Both a question and a statement relate to running and pandemic. The question is “where’s the finish line?” The statement I overheard at the beginning of the mini-marathon, “I can’t believe how bad I’m going to feel in two hours.” Both reflect my impatience and concern.
Most of my running is in my own neighborhood. I have mapped out routes for distance and hills. Trees, bridges and hills divide up the routes and I know how far I have to go and what to expect.
I do not know how far we have to go with this pandemic nor all that we will encounter along the way. This endurance race has no markers familiar to me. I know that running the race differs from training. A crowded field inhibits the start. The course in unfamiliar. I hear myself asking “where is the finish line?” It’s always further than I thought, and harder. I recall a race at Red Rock Canyon State Park in Nevada. We got wrong information about the starting line. By the time we got to the starting line, I could see a pack of runners half a mile into the race already. I started the race way behind and angry. My hopes and expectations for this race were gone. It took me a mile or so to start accepting what was not planned and realize I could run a leisurely pace and take in the beauty of this desert park. That changed the race.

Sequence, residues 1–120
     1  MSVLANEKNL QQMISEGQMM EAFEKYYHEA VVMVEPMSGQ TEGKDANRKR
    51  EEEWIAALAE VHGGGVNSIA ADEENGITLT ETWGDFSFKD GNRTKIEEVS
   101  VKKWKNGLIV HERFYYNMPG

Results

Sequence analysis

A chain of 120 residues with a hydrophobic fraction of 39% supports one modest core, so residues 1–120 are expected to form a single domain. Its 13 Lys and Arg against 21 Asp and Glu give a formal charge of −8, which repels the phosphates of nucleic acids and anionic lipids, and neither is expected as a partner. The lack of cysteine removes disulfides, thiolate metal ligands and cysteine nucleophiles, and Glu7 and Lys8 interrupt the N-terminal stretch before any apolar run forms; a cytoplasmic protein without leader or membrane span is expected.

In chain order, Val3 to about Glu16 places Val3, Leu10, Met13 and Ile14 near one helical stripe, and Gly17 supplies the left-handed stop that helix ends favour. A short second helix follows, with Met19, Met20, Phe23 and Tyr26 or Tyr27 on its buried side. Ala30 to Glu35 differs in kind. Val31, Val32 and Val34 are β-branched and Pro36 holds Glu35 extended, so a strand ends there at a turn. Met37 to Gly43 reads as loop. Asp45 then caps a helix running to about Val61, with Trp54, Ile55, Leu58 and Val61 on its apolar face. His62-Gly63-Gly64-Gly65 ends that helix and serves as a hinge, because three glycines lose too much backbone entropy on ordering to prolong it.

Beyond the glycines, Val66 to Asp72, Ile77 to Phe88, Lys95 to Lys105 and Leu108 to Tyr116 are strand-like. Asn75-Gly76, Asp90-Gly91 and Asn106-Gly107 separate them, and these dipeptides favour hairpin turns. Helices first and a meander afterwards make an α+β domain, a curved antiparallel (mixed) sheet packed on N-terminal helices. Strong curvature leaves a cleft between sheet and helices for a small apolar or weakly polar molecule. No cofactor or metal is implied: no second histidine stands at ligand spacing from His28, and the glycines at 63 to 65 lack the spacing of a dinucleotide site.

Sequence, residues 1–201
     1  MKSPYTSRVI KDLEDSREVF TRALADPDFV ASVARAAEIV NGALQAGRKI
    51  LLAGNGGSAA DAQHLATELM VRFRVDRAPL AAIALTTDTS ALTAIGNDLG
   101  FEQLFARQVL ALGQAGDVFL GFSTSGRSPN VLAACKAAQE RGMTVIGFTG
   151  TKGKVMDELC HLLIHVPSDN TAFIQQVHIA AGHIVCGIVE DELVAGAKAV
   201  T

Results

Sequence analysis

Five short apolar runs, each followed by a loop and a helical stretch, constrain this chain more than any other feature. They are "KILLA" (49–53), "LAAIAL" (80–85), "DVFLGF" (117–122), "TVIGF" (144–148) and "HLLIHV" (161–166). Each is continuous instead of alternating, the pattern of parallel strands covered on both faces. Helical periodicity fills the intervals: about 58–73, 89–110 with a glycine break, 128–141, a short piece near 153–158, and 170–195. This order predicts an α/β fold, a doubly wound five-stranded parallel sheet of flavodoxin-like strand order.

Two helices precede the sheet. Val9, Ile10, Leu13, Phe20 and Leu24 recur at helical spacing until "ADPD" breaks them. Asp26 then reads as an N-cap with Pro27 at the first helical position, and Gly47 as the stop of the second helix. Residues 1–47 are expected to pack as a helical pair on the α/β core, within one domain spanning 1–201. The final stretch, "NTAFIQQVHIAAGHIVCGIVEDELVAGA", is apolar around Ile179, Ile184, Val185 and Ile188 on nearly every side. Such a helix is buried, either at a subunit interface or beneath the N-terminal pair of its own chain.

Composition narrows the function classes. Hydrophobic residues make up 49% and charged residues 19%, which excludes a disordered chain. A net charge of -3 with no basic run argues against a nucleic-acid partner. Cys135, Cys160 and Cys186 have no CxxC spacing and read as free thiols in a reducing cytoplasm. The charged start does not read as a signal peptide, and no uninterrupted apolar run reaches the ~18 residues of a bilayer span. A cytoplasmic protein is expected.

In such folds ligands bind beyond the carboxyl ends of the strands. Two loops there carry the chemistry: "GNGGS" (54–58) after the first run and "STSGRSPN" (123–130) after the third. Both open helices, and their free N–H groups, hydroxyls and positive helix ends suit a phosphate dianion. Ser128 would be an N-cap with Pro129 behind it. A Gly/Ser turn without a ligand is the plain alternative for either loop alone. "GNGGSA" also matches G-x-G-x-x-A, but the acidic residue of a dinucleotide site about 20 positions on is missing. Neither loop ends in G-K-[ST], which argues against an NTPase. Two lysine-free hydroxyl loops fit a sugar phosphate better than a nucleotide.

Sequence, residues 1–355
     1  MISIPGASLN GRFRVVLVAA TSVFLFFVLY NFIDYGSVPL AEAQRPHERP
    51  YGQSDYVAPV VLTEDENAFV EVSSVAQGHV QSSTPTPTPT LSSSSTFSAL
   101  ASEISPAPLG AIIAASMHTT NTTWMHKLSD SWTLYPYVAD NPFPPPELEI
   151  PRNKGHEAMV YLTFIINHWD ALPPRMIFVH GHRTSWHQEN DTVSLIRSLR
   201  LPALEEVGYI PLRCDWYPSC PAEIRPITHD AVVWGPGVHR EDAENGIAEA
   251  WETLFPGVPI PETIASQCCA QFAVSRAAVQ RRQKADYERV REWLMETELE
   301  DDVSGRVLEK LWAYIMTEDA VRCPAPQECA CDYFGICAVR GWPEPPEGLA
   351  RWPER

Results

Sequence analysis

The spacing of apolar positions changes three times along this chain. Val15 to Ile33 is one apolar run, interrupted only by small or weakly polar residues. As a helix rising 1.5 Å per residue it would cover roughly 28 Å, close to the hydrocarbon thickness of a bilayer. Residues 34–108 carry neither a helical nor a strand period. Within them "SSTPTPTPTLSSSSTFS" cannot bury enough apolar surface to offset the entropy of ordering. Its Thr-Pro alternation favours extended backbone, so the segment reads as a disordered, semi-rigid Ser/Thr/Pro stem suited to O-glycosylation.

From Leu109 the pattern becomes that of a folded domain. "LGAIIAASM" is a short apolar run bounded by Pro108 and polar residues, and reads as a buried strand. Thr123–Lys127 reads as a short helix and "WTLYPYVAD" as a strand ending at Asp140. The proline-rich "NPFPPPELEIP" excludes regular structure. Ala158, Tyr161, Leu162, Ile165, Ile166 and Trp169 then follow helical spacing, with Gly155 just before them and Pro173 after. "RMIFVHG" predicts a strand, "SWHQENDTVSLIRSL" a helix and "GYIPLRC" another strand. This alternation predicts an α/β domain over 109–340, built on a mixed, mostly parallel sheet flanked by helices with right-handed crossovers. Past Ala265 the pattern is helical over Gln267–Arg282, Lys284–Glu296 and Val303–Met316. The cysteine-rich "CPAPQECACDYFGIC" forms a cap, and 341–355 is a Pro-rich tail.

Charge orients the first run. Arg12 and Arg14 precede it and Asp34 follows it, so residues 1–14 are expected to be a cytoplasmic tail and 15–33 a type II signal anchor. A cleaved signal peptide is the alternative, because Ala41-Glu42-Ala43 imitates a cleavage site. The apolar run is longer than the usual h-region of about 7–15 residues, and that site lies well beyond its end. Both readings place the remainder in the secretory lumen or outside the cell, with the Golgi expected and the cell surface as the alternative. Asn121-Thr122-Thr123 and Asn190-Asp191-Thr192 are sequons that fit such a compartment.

The view of this virus litters our landscape with its ugliness—soaring numbers, hospital overload, isolation. I am angry about all that. Yet, I find I need to accept reality that is far different than what I hope for. I need to slow my pace and see the beauty all about me. Family, neighbors, store personnel and people easy to overlook when I am keeping a frantic pace. I have time to see people and listen to music. I have time so prayers are not rushed. I have time to see the chalk art on the sidewalks where children have worked at messages of kindness. I have time to reflect and contemplate and see the courageous beauty of so many revealed in a time of great stress. I have time to find a balance.